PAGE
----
By John Saporito
Today’s anglers are the beneficiaries of great strides made in hook manufacturing over the last few decades. Besides being sharper and stronger than they were in generations past, hooks are now available in a wider range of styles than ever before. But with variety comes the need to choose, and many fishermen are unable to comb through the multitudes of hooks to find the one that best suits their needs. If you are one of those anglers who could use a little guidance when it comes to hook selection, this primer will help you sort through the hook hoopla to find the right hook for the job.
The first decision is whether you should be using circle hooks or J-hooks. Circle hooks don’t need the manual hookset that J-hooks require, but they also aren’t very effective on fish that tend to nibble at bait. If you fish for nibblers such as sheepshead, blackfish or bluegills, then circles aren’t for you. There is also the reality that circle hooks tend not to set if the fish sits still after swallowing the bait, so don’t use them unless you are fishing in a current or the fish are in an active mood. J-hooks do a better job on fish that move around less.
Shank length is an underrated but critical factor in hook selection. Fish with cavernous mouths—such as largemouth bass and snook—should never be pursued using short-shank hooks. With hook eye and point being nearly in the same plane, the two parts can interfere with each other on the hookset, making them a poor choice for fish that have a gentle curvature to their mouth. These hooks do well on fish with narrow, beak-like mouths, such as tuna and wahoo, but they should be avoided when targeting anything with a wide mouth. Many of these hooks are marketed simply as “live-bait hooks,” but if your target has a big mouth, your hook should not have a short shank.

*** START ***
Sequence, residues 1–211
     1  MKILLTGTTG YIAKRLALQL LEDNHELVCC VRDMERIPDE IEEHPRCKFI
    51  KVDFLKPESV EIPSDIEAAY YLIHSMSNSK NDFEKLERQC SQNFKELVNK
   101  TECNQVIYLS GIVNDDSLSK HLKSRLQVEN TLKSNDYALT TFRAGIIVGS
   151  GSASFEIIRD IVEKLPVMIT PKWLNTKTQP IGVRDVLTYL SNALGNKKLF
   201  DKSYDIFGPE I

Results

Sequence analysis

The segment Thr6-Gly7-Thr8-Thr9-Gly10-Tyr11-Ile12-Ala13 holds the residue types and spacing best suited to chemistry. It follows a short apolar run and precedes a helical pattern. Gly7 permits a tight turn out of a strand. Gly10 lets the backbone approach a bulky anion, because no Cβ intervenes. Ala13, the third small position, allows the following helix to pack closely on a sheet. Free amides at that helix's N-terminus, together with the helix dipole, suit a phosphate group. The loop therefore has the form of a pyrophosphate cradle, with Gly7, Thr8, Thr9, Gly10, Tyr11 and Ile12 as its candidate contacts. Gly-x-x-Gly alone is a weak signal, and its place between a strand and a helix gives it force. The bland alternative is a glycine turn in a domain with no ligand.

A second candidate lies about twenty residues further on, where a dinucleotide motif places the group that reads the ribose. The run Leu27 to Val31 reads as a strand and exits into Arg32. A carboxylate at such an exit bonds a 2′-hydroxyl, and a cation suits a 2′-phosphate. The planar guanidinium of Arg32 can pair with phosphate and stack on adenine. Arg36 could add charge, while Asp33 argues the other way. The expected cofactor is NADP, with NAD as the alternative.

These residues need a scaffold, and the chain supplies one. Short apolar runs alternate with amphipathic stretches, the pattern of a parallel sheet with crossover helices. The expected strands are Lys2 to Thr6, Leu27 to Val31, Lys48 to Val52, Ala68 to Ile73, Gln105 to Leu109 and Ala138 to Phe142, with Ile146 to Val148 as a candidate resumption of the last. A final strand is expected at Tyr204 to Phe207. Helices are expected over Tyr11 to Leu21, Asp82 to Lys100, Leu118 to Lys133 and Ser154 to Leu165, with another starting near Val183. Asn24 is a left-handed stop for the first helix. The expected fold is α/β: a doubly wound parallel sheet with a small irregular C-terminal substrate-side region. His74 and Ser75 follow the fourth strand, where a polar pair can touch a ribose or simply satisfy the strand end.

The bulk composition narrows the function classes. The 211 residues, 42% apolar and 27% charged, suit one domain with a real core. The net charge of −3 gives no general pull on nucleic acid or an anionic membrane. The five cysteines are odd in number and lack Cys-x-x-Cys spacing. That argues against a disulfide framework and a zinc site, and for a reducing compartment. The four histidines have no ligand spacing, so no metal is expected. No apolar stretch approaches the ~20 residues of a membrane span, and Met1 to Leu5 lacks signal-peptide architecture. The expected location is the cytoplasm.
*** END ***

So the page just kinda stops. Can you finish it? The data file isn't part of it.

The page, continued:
Your hook size should match the bait you are using in a way that is conducive to natural presentation. A giant 10/0 hook won’t get many strikes if your bait is a three-inch shrimp; a 2/0 beak or octopus hook is probably a better match. The hook should be big and strong enough to hook and hold your target fish, but not so big that it inhibits the movement of your bait.
Many specialty hooks have features made for specific baits and methods of fishing. Hooks with baitholder barbs are great for holding softer baits such as clams and worms. Hooks with up-turned or down-turned eyes are great if you prefer to snell hooks rather than attach them via a knot above the eye.
Pay attention to the design of the hooks you select, because each style was made with a precise goal in mind. Whatever hook you choose, always make sure it is razor sharp before you begin fishing.
John Saporito is a lifelong fisherman and student of the seas. Visit him online at www.guerillaangling.com.